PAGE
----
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Author Topic: The Celebrity Obituary Thread  (Read 343981 times)
Jed Cooper
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« Reply #500 on: August 23, 2011, 06:06:31 AM »

Jerry Leiber has passed away: Rock Hit Maker Jerry Leiber Dies At 78

With Mike Stoller (left) in 1992.



Leiber, far right, with Stoller & Presley in 1957.

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« Reply #501 on: August 23, 2011, 06:39:46 AM »

A friend of mine is a close relative of Mike Stoller. She felt this like "a death in the family."

Here is the Times obituary:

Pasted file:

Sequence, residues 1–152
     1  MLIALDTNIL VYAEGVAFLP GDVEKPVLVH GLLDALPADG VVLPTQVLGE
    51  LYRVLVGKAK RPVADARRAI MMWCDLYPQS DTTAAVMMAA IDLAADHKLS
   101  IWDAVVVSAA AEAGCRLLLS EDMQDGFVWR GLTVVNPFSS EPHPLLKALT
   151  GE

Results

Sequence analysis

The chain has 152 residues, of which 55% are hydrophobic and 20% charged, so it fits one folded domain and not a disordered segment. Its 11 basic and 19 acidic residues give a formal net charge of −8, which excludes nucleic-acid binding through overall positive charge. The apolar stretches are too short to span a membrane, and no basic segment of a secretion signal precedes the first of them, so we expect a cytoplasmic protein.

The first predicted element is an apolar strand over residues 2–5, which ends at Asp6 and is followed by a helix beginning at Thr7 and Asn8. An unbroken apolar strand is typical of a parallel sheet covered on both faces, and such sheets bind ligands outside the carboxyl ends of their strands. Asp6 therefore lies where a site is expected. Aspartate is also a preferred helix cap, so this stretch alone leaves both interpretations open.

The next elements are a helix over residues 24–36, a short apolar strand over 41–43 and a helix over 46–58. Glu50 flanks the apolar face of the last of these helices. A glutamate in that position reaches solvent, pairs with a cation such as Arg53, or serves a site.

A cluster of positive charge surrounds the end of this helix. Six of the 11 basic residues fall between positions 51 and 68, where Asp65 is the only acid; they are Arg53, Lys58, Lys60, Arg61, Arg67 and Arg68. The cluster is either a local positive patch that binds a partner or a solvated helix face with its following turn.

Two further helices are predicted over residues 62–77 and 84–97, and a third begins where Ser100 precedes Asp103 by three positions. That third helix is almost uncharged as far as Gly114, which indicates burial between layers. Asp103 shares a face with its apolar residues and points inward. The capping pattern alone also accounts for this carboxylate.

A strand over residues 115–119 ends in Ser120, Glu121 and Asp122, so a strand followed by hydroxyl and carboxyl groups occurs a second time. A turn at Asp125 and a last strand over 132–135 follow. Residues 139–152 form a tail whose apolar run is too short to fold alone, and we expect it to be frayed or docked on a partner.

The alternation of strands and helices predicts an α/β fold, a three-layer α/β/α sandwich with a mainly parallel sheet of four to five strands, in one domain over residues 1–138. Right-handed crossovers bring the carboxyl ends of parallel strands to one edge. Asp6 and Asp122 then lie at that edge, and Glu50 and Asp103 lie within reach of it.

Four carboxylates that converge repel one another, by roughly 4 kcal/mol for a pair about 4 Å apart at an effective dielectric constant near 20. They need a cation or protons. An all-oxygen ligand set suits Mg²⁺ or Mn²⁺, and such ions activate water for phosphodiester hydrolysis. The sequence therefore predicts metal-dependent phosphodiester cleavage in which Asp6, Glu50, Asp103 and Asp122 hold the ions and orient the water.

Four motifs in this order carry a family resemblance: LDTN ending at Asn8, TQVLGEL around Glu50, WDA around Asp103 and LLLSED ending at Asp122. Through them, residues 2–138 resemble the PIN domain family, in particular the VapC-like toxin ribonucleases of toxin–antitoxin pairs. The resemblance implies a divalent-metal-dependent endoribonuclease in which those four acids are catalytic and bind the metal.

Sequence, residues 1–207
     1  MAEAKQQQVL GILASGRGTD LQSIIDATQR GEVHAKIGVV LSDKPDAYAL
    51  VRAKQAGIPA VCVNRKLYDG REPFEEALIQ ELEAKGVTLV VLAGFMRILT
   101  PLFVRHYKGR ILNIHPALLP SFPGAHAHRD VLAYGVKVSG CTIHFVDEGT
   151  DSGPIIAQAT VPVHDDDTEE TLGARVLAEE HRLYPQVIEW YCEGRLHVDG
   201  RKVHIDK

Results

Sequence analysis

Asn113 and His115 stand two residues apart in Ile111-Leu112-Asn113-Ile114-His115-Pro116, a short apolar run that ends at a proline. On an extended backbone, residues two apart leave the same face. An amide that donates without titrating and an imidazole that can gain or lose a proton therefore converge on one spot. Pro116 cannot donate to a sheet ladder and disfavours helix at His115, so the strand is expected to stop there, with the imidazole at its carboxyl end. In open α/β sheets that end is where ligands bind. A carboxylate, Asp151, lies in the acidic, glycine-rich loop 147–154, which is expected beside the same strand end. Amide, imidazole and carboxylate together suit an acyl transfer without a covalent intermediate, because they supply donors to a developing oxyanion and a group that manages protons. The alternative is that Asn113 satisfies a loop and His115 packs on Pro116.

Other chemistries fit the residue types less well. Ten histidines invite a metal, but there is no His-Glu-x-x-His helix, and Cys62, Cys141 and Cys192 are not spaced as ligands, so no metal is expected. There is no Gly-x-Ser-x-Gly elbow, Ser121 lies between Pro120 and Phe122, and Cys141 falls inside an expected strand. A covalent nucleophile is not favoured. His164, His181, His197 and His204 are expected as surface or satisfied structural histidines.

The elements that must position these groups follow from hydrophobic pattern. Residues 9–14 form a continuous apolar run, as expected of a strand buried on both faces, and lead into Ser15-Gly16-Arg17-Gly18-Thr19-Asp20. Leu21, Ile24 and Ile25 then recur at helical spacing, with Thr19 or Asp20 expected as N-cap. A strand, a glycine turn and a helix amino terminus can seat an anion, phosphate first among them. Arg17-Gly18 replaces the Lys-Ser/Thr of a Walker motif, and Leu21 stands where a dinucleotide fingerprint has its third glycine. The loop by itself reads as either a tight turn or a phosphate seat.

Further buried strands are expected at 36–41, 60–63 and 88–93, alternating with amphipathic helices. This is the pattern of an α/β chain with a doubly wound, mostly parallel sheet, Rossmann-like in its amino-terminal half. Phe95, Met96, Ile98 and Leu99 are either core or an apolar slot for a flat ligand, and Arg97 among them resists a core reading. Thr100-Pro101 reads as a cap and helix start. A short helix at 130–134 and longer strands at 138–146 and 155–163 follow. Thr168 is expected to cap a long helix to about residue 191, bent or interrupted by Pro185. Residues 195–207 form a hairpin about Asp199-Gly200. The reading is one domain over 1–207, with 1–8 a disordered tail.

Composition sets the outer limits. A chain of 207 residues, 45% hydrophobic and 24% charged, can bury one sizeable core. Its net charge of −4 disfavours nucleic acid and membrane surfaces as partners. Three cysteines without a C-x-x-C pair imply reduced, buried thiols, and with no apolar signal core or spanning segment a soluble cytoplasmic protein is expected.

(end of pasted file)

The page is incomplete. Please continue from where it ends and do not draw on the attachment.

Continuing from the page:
http://www.nytimes.com/2011/08/23/arts/music/jerry-leiber-rock-n-roll-lyricist-dies-at-78.html

R.I.P.
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« Reply #502 on: August 23, 2011, 10:21:09 AM »

When you look at the list of great songs they composed it's incredible..

Very sad he's gone

R.I.P
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« Reply #503 on: August 23, 2011, 12:12:19 PM »

Rest in Peace, Nick Ashford!
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« Reply #504 on: August 24, 2011, 07:01:34 PM »

A couple of appreciations of Jerry Leiber from the New York Times:

Lawrence Downes

Stephen Holden
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Jed Cooper
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« Reply #505 on: August 24, 2011, 11:53:55 PM »

A couple of appreciations of Jerry Leiber from the New York Times: